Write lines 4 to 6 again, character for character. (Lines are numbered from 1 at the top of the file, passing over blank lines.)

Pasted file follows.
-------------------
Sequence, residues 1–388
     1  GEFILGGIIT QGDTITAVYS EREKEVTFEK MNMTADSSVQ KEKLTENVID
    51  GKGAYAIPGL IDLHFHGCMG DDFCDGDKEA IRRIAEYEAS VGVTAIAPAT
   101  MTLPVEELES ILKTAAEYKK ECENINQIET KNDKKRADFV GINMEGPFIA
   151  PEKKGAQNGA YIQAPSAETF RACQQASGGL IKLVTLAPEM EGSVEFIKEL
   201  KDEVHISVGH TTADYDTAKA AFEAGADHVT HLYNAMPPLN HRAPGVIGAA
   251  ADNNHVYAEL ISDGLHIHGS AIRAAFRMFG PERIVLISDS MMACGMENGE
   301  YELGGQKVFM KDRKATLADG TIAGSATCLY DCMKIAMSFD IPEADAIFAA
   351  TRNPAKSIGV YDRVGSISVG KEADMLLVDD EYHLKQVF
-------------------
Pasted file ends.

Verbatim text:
   101  MTLPVEELES ILKTAAEYKK ECENINQIET KNDKKRADFV GINMEGPFIA
   151  PEKKGAQNGA YIQAPSAETF RACQQASGGL IKLVTLAPEM EGSVEFIKEL
   201  KDEVHISVGH TTADYDTAKA AFEAGADHVT HLYNAMPPLN HRAPGVIGAA